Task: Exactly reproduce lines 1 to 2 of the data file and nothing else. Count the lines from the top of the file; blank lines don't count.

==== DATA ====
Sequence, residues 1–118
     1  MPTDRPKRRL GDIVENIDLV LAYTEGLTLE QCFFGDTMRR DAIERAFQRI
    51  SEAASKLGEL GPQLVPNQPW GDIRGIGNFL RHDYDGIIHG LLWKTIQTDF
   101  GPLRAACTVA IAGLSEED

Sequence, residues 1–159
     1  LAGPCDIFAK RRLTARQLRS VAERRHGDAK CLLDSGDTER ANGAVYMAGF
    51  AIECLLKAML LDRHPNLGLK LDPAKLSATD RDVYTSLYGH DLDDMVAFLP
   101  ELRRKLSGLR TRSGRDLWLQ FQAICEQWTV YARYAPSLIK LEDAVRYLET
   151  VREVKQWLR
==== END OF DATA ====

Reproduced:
Sequence, residues 1–118
     1  MPTDRPKRRL GDIVENIDLV LAYTEGLTLE QCFFGDTMRR DAIERAFQRI